COMMUNITY FORUM

apollo

05:11AM | 06/22/03
Member Since: 06/21/03
1 lifetime posts
Bvmisc
My 80's kitchen cabinets are very ugly and outdated. They have no handles and they are covered mainly with this ugly beige formica (I think that is what that material is) Instead of simply painting them or covering them with wallpaper? Could I rip the formica off and possibly tile the fronts? Has it ever been done and how would it look if done tastefully?

Piffin

01:22PM | 06/22/03
Member Since: 11/06/02
1284 lifetime posts
I doubt that you would have much left after ripping formica off the doors and faces. They would be coming apart by then. Adding the weight of tile to doorr hinges that are sized for the current doors is not a good idea eiother if you want the hinges to continue working.
You should check into refacing services that can make a kitchen look new if the boxes are in decent shape.

k2

04:19PM | 06/22/03
Member Since: 06/06/03
1250 lifetime posts
Greetings... I agree with Piffin on re-facing. Also keep in mind that tiling is a lot of work (and can be quite costly as well)...and yes, will probably add too much weight to doors, etc.

For what it's worth, I can't recall ever seeing tile on cabinet fronts (not that it's necessarily BAD, it's just that it's NOT DONE). I like the re-facing solution too. Good luck!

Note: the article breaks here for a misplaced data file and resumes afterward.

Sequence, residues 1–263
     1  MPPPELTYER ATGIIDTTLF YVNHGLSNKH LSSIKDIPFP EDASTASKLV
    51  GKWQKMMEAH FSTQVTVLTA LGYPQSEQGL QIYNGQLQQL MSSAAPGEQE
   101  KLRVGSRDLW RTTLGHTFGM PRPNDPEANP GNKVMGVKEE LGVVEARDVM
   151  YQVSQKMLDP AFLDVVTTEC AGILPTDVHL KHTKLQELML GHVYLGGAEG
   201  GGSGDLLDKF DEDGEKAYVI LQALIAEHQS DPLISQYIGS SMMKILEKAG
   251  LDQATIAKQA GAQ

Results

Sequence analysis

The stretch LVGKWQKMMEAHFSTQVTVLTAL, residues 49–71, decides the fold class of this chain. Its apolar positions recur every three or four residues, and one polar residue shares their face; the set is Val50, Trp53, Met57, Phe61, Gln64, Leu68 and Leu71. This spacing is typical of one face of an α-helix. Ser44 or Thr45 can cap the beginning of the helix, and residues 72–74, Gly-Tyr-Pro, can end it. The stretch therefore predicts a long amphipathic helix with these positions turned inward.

Click_to_reply_button
Inspiration_banner

INSPIRATION GALLERY



Post a reply as Anonymous

Photo must be in JPG, GIF or PNG format and less than 5MB.

Reply_choose_button

captcha
type the code from the image

Anonymous

Post_new_button or Login_button
Register

Few projects are more fun than upcycling a vintage piece in a surprising way. Outfitted with a sink and a delicately tiled... Built on a rocky island in the Drina River, near the town of Bajina Basta, Serbia, this wooden house was cobbled together ... Large steel-framed windows flood the interior of this remodeled Michigan barn with daylight. The owners hired Northworks A... Edging formed with upside-down wine bottles is a refreshing change. Cleverly and artistically involving recycled materials... A Washington State couple called on BC&J Architects to transform their 400-square-foot boathouse into a hub for family bea... Similar to the elevated utensil concept, hanging your pots and pans from a ceiling-mounted rack keeps them nearby and easy... For windows, doors, and mirrors that could use a little definition, the Naples Etched Glass Border adds a decorative flora... The thyme growing between these stepping stones adds a heady fragrance to strolls along this lush, low-maintenance garden ... Decoupage is an easy way to add any paper design to your switch plate, whether it is wallpaper, scrapbook paper, book page... Twine lanterns add pops of crafty—but sophisticated—flair to any outdoor setting. Wrap glue-soaked twine around a balloon ... When securely fastened to a tree or the ceiling of a porch, a pallet and some cushioning make the ideal place to lounge. V... Reluctant to throw away any of those unidentified keys in your junk drawer? Hang them from a few chains attached to a simp... A stripped-down model, sans screened porch, starts out at $79,000. Add the porch, a heated floor for the bath, and all the... Salvaged boards in varying widths and colors make up the dramatic accent wall in this attic space. The high-gloss white of... This garden shed has been decked out to the nines. Designer Orla Kiely created the intimate home for a flower trade show, ...
Follow_banner_a
Newsletter_icon Google_plus Facebook Twitter Pinterest Youtube Rss_icon
 
webapp1